BABE #95: SHELBY STEC,
Owner @ Dog Day Gardens
When Shelby was nominated to be featured by several hustling babes we know and love, we knew she'd be a perfect match for us. She has not only opened our eyes to what the day-to-day challenges and victories look like for full-time gardeners, but has equally inspired us to avoid complacency in our work, no matter what that looks like. Shelby is an awesome example of a Babe who knows how to work hard and get her hands dirty, but isn't afraid to be open about the shortcomings that come along with working the job of her dreams as well. Thanks for chatting with us, Shelby! You are most certainly a hustlin' babe.
Hometown: Orlando, Florida
Current city: Saint Augustine, Florida
Alma mater: Florida State University
Degree: B.A. in International Affairs
First job: Chocolatier
Hustle: Owner @ Dog Day Gardens
Babe you admire and why?
I admire my mom. My parents separated when I was really young and she raised me 10 months out of the year by herself. She worked multiple - usually crappy - jobs, went to school, and maintained the house when I was a kid. She gave all of her time, money and love to make sure I had every door open to me that she didn't. By the time I was 19, I had traveled to eight different countries with her help, even though she had never been abroad. I've been able to experience every luxury as a young adult that she forfeited to raise me. She taught me to be independent and think critically about the world. Most importantly, she encouraged me to take risks and be different.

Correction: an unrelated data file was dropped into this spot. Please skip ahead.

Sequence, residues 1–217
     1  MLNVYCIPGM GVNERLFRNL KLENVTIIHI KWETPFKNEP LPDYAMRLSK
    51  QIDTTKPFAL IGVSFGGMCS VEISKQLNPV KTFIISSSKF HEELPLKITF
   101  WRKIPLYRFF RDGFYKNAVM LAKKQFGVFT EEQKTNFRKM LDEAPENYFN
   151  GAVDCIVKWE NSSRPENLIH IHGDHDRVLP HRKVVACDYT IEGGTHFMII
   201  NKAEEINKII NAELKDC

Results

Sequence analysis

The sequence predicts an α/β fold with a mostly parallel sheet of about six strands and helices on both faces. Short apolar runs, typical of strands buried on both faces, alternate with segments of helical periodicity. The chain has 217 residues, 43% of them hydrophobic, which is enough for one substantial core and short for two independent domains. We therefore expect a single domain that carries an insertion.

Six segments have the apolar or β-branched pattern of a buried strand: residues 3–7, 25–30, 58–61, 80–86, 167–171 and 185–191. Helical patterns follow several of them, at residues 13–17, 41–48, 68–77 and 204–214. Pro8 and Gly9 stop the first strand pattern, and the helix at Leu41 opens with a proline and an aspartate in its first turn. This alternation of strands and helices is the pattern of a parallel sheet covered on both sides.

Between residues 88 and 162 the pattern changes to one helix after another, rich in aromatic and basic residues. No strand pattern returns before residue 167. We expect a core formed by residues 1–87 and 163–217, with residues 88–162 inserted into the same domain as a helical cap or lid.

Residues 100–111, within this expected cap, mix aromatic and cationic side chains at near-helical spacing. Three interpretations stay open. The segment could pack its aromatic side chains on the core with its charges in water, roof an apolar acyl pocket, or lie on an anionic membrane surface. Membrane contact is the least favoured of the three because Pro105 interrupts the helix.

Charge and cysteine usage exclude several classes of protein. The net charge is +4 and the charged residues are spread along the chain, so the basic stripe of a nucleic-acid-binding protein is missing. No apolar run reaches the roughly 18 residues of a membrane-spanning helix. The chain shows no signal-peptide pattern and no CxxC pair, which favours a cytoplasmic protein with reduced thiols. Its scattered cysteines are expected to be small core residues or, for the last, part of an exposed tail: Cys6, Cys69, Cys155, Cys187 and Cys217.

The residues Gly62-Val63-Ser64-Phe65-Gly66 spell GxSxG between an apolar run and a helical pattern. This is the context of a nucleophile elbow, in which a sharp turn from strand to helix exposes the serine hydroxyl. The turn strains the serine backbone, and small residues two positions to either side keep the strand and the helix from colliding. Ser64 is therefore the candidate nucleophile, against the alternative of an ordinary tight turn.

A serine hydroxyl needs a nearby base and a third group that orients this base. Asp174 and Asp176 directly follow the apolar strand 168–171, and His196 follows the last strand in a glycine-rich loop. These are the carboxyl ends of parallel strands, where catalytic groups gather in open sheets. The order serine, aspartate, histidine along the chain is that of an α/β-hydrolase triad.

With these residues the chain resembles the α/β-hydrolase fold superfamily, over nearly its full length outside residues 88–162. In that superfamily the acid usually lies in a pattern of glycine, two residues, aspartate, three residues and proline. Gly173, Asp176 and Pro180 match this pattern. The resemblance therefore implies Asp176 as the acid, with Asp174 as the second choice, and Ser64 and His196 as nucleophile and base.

How do you spend your free time?
I love anything that involves swimming - the beach, springs, pools, etc.
Go-to coffee order?
Go-to adult beverage?
What would you eat for your very last meal?
Sushi... if it’s really good.
Three things we can always find in your fridge?
Vegetables, shrub and chocolate.
If you could have coffee with anyone in the world, who would it be?
Howard Zinn, if he was still alive.
What’s one thing you wish you knew more about?
I wish I spoke multiple languages.
Tell us about your hustle:
I own Dog Day Gardens, an organic nursery, market, garden and composting business in Saint Augustine, FL. In season I grow organic, open pollinated seedlings for home gardeners and sell vegetables out of our gardens. I collect food scraps and sell compost year-round, in addition to teaching gardening classes and installing organic garden beds.
What does your typical workday look like?
I am the entire business, so it varies pretty drastically depending on the season. In a typical week I will spend a full day in the gardens, a full day doing compost, a full day in the office and the rest of the week between garden installations, teaching, and nursery work.
How were you introduced to gardening and when did you decide to seriously pursue it?
I volunteered in a youth community garden when I was in college, and fell in love immediately. I wasn’t feeling very challenged in school and had just found out my major was cut, so I started spending all of my time volunteering in gardens and reading everything I could get my hands on about organic farming. I don’t think I ever chose to pursue it as a career, it just happened.
When did you get the idea for Dog Day Gardens? What were the major motivators that pushed you to take the leap and start your business?